A Doll’s HouseExplication of Dudley Randall’s ?The Melting Pot?An explication is an interpretation of a written work. They differ from person to person in that we all don’t interpret things alike. It seems to me that we learned in high school about literature and such was a waste of memorizing and testing because we were taught only ?right? answers about written works. There is no right way to interpret an author’s work. What they do is leave doors open to make you think about their work. Even a songwriter does the same thing. Songs can be even more difficult to interpret than a poem or story because the first that thing usually attracts us to a song is the music and that is what we concentrate on mostly. Then a question comes about in my mind that why there has to be any answers or meaning to a work. Why can’t I just enjoy a poem for the way it sounds when it is read aloud? Why can’t I just enjoy a song for the way the words are put together and enjoy the music? It can be fun sometimes to analyze a work and pick out things like wonderful metaphors. I can see where that comes in to literature. What I hate is when I read a really great story and I enjoy it and then I go to class and get hounded for answers and I give them and they’re not right because I felt different about a story than someone else. Well, anyway, I’m going to do the best explication I can of Dudley Randall’s ?The Melting Pot? on page 693.
Bartorillo 2?The Melting Pot? seems to be about anyone and everyone being accepted as Americans except Blacks. The second set of four lines is kind of funny because it gives you several names that sound un-American and when they come to be an American they lose that and use a more American version of their name. Even when people came through Ellis Island they usually took a different name or made theirs shorter to be more American. The next four lines read about a Black man who is unaccepted as an American even though he’s been there waiting for it. The poem seems to say that no matter where you’re from if you’re white you can become a white American no matter what country you’re from. It seems to say that we’re divided into Whites and Blacks regardless of nationalities. The end of the poem is where Blacks decide that they’re going to be who they are and be proud of it and they don’t care about being accepted or not.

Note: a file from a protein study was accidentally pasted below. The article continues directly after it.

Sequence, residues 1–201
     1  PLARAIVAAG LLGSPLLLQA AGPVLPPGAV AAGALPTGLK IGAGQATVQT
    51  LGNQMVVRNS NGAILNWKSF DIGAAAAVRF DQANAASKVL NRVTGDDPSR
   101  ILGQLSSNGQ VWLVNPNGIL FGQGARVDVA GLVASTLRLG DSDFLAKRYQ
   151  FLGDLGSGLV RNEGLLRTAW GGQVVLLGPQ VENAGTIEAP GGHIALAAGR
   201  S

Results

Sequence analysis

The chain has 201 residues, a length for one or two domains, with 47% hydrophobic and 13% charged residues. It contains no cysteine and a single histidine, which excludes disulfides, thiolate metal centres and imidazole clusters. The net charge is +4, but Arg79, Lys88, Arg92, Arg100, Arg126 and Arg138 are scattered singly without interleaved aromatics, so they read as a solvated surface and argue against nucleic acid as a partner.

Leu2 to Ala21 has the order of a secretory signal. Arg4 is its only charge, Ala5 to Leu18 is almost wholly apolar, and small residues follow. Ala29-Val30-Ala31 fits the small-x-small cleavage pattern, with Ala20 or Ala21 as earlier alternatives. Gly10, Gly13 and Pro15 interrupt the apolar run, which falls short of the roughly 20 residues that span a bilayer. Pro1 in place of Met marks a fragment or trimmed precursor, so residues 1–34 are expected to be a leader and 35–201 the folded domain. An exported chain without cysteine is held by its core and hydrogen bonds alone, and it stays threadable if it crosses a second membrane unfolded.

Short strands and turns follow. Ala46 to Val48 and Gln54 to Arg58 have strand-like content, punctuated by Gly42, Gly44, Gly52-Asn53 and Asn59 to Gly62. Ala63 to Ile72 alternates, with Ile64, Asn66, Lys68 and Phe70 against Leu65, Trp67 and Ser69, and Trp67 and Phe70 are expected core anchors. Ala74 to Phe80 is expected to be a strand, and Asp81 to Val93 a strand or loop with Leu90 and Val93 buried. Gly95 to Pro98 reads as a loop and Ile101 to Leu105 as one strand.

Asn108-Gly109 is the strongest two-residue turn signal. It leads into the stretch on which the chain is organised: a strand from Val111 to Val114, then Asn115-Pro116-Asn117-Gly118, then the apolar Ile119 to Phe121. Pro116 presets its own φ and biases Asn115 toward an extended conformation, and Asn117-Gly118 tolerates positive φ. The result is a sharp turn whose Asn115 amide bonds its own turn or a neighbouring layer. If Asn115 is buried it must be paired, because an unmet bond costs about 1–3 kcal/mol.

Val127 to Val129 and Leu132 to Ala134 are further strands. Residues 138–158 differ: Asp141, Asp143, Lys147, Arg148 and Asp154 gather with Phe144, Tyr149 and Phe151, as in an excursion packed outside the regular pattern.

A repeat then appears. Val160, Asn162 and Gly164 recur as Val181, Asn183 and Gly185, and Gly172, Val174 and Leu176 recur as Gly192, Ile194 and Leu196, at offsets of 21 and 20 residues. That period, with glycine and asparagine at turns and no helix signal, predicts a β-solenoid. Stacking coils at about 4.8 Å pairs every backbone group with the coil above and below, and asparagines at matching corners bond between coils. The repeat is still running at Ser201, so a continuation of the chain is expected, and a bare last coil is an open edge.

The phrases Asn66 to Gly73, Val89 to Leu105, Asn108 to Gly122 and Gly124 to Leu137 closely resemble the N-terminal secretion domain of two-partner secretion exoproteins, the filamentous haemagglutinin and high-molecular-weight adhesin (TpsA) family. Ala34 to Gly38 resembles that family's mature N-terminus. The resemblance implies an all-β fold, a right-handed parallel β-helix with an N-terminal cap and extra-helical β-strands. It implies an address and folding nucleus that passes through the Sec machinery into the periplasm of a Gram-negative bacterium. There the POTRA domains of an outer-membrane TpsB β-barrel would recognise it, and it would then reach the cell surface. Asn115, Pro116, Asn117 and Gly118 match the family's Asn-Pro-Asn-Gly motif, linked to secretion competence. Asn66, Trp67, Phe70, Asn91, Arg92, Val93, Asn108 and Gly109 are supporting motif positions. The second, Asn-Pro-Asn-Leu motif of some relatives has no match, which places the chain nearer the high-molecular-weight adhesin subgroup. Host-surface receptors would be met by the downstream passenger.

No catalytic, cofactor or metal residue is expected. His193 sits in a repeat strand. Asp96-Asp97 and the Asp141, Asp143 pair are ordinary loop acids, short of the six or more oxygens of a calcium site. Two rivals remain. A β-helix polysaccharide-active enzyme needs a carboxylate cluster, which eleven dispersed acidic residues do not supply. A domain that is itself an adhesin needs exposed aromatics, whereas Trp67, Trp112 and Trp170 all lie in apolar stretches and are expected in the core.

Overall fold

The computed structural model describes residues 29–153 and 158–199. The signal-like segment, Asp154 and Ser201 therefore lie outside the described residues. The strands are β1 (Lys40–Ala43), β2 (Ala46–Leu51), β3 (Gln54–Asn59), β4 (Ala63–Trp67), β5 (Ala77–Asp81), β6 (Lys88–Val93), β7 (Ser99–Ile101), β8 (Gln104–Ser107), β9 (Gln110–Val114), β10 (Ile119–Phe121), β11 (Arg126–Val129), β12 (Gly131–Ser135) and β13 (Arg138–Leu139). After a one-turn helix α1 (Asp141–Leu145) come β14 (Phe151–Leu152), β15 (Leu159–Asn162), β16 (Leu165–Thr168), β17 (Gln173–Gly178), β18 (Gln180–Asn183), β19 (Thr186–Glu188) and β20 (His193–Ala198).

So that was my own interpretation of a poem. Someone else might have another idea about it but that is perfectly okay because our minds work in all different ways.